Effective Immediately: Agencies Mirror Sackett Restrictions for WOTUS

The U.S. Environmental Protection Agency and the U.S. Army Corps of Engineers (together, the Agencies) issued a straight-to-final-rule revised definition of “waters of the United States” (WOTUS) on August 29, 2023. This rulemaking is in response to the recent Supreme Court decision in Sackett v. EPA invalidating provisions of the Agencies' recent redefinition of WOTUS under the Clean Water Act (CWA) (2023 Rule). The August 29, 2023 rule is effective immediately.

In Sackett, the Supreme Court concluded the Agencies’ significant nexus standard was inconsistent with the CWA. The Supreme Court also differed in its definition of “adjacent” wetlands. To conform to Sackett, the Agencies:

  1. revised the 2023 Rule to remove the significant nexus standard; and
  2. amended the definition of “adjacent” for wetlands.

This means waters are now no longer jurisdictional under the CWA as based on the significant nexus standard, and wetlands are no longer “adjacent,” or jurisdictional, simply because they are “bordering, contiguous, or neighboring” or “separated from other ‘waters of the United States’ by man-made dikes or barriers, natural river berms, beach dunes and the like.” In order to qualify as an “adjacent” wetland, waters must now be relatively permanent, standing, or continuous flowing bodies of water, have a continuous surface connection to those waters, or separately qualify as jurisdictional.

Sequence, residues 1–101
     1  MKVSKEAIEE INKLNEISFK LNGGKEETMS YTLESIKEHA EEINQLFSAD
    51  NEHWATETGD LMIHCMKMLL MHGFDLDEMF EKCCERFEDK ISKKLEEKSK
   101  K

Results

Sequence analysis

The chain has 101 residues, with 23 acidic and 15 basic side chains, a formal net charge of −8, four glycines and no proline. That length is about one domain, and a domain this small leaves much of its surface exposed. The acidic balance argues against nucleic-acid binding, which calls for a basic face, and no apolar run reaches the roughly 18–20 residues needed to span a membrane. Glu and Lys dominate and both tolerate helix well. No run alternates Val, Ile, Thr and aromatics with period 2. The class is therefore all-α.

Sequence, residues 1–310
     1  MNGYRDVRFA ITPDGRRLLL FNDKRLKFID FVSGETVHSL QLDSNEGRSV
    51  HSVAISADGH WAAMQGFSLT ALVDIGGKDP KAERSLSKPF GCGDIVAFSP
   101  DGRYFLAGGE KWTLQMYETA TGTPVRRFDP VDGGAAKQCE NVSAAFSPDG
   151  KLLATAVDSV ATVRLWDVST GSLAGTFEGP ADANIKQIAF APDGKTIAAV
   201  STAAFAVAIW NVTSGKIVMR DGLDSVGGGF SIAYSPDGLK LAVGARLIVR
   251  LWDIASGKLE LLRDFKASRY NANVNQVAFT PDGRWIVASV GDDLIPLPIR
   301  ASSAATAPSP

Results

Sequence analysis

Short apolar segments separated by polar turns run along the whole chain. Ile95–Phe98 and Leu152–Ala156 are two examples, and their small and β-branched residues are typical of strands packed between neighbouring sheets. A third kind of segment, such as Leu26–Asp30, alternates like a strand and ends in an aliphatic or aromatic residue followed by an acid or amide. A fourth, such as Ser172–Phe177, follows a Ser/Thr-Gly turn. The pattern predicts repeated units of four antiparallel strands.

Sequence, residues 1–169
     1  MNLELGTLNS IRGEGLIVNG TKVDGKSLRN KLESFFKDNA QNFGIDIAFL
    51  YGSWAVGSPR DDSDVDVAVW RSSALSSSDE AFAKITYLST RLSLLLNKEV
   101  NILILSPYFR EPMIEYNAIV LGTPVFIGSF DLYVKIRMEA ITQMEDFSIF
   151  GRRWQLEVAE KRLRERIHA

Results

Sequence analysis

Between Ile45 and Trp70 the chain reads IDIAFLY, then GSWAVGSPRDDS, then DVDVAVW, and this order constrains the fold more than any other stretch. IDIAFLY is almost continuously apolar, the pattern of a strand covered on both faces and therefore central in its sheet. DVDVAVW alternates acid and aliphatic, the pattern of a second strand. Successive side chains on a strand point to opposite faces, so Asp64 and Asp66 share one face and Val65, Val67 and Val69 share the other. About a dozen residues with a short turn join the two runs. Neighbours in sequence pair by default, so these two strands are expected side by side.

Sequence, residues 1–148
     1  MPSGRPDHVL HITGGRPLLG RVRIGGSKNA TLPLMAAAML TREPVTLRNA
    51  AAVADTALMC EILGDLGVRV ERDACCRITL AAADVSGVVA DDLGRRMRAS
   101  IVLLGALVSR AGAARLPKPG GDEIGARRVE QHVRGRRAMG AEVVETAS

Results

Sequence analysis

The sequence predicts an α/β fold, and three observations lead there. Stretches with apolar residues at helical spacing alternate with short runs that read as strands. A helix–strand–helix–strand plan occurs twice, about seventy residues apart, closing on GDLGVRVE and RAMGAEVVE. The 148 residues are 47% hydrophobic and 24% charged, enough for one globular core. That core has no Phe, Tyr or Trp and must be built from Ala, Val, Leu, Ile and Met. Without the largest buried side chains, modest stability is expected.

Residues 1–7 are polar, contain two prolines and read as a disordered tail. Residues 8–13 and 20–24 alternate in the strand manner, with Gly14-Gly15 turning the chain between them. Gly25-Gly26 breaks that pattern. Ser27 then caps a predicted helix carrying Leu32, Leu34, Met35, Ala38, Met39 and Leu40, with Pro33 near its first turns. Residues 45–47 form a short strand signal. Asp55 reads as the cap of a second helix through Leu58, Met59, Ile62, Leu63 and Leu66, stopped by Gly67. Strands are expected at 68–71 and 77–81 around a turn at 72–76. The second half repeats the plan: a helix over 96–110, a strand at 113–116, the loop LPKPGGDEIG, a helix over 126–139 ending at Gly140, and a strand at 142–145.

This Rule also removed “interstate wetlands” as jurisdictional solely because they cross state boundaries. The remainder of the 2023 Rule remains unchanged. See our prior alert to determine whether the 2023 Rule has implications for your project or operation. However, the definition of WOTUS is far from settled. The 2023 Rule is still enjoined from taking effect in 27 states. 

The Agencies will hold a stakeholder meeting to discuss these updates to WOTUS on September 12, 2023, at 3 p.m. Eastern Time.

For questions regarding the implementation of existing jurisdictional determinations or permits issued under the significant nexus test, please contact the listed authors of this alert. Finally, due to the now complete WOTUS definition, U.S. Army Corps districts are rescinding their self-imposed pause on jurisdictional determinations. Project proponents may now receive jurisdictional determinations in line with the new rule going forward.

Beveridge & Diamond’s Water and Infrastructure and Project Development and Permitting Practices help clients in numerous industries achieve compliance with the ever-changing regulatory landscape thereby reducing cost and risk to operations. B&D’s water lawyers represent clients in major cases involving emerging issues under the Clean Water Act and other water quality laws. For more information on this development, please contact the authors.